Business spinning up a virtual machine or deploying a traditional appliance onto the Amazon Elastic Compute Cloud (EC2) own it the same way as a server, Mackey said. But the traditional advice security teams provide doesn't work with containers since having an interactive shell or running access to a container exposes it to so much more risk, according to Mackey.

Organizations need to shift their paradigms and figure out which security components in their tech stack best capitalize on the immutability of container images to patch damage. Solution providers will be most successful if they give their customers tools to better manage and secure container infrastructure at scale on a run-time basis, Mackey said.

6. Lack Of Cooperation Between Security, Engineering Teams

Companies need to treat infrastructure like code, and use APIs, DevOps, and continuous integration as part of their core security strategy, according to Bill Shinn, AWS's senior principal for the Office of the CISO. This will make it possible for security organizations to keep up faster and maintain protection without compromising performance, Shinn said.

Software in the cloud isn't deployed like in a traditional data center, Shinn said, with development teams handing off scripts and runbooks to the operations team. Given that the engineering team typically manages the entire lifecycle in the cloud, Shinn said it's hugely important that the security team be at the table with the coders so that it's taken into account as part of the development pipeline.

Similarly, Shinn said organizations should incorporate legal, audit and compliance functions must earlier in the development cycle. Businesses need to take advantage of single template automation to move more quickly in areas like implementing security controls and providing monitoring and access control, according to Shinn.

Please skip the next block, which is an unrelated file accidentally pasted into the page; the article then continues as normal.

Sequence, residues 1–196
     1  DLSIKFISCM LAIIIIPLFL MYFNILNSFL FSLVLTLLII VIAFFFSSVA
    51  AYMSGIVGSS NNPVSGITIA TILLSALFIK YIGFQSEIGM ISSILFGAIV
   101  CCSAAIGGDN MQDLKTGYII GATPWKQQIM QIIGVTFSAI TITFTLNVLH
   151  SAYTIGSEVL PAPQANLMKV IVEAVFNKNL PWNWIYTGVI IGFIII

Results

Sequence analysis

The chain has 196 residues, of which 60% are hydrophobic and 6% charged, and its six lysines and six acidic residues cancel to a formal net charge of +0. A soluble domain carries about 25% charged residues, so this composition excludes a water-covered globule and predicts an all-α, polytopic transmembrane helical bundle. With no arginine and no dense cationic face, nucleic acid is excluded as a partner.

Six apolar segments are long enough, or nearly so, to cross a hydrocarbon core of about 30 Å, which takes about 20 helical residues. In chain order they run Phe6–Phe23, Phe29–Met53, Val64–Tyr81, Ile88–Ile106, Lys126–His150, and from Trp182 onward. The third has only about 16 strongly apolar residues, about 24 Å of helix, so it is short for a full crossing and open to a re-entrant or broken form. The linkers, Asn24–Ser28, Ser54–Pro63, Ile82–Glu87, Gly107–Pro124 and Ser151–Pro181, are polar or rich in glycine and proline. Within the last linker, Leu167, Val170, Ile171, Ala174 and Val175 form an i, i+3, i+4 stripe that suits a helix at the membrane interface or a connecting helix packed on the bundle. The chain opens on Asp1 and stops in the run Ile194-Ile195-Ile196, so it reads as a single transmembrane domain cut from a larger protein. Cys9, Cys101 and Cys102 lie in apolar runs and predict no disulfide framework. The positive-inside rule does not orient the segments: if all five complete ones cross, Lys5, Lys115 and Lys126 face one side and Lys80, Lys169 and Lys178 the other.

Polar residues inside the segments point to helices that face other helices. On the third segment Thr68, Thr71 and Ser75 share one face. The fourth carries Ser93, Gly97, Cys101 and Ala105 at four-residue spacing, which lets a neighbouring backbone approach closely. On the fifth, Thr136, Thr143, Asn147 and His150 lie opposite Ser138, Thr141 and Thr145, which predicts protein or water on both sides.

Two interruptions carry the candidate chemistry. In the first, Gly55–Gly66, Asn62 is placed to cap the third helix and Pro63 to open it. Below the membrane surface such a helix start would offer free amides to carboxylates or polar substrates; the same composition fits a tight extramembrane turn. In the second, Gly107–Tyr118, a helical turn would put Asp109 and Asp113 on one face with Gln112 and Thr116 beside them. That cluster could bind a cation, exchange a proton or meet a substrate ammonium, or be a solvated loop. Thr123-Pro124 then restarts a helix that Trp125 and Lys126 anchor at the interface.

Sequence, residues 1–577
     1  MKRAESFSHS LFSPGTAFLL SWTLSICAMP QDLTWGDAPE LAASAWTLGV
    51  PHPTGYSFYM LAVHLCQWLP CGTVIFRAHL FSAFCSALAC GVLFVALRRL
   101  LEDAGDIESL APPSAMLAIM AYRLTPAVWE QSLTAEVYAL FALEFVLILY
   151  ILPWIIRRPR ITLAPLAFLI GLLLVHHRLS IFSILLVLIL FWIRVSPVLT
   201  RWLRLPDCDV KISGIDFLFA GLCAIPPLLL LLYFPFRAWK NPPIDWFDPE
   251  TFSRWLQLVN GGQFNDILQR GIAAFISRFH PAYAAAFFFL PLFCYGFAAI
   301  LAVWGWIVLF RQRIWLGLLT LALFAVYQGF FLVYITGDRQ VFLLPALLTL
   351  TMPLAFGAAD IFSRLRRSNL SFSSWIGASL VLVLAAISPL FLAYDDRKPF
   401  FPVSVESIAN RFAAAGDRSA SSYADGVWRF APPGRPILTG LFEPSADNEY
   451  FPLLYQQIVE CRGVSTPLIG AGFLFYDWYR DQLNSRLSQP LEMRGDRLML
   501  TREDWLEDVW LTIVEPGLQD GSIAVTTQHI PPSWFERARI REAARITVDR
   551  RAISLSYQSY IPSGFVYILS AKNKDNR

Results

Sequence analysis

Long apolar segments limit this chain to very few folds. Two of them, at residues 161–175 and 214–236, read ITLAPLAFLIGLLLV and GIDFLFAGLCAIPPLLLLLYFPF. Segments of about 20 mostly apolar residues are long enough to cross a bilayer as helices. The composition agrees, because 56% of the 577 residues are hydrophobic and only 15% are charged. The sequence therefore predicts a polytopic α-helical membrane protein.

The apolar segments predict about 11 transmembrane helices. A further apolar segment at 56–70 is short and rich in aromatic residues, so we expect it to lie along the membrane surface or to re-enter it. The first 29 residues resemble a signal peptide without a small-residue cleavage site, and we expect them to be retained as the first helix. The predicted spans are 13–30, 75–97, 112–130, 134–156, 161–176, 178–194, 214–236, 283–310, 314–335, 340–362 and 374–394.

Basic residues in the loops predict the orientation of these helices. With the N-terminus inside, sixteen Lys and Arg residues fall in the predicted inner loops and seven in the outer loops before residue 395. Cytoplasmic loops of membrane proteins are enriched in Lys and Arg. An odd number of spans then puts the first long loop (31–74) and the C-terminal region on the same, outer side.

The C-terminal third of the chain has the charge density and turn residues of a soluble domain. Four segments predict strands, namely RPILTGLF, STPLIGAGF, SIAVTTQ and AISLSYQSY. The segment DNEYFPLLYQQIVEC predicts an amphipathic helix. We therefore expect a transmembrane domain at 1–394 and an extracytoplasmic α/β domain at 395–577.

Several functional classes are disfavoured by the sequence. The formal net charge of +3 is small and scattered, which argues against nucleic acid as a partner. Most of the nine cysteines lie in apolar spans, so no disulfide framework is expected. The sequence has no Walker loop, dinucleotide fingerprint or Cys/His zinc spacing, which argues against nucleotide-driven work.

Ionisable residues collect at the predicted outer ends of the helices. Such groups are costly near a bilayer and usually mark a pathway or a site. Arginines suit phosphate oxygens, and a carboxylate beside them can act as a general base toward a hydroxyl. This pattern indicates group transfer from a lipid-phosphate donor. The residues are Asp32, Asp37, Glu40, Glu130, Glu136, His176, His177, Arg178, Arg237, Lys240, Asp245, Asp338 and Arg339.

5. Lost Or Stolen Credentials

Lost or stolen credentials are typically the leading cause of cloud security incidents, said Palo Alto Networks' Chiodi. From time to time, Chiodi said developers will inadvertently embed access keys in their code, making it possible for adversaries to use scanning tools to find access keys in public cloud accounts.

Organizations need a way to detect account compromise and baseline what typically administrative or user activity looks like, Chiodi said. From there, Chiodi said businesses can use pattern analysis to identify abnormal behavior.

4. Exposure Of Sensitive Data, Applications

One of the risks seen over and over again in AWS is the unintended exposure of sensitive data, which is happening in production every day, according to Reuven Harrison, Tufin's co-founder and CTO. Lots of cloud applications end up exposed for one reason or another, Harrison said, with ports and endpoints unintentionally exposed to vulnerabilities and possible attack on the cloud and internet.

Most cloud deployments to date have been happening in AWS, Harrison said, and as a result, most of the exposures have been happening there as well. AWS is a very develop-centric platform, Harrison said, and has been created by and for developers so that they can spin up applications with agility.

As a result, Harrison said AWS lacks the processes, controls, checks and balances that would be found in a more traditional network.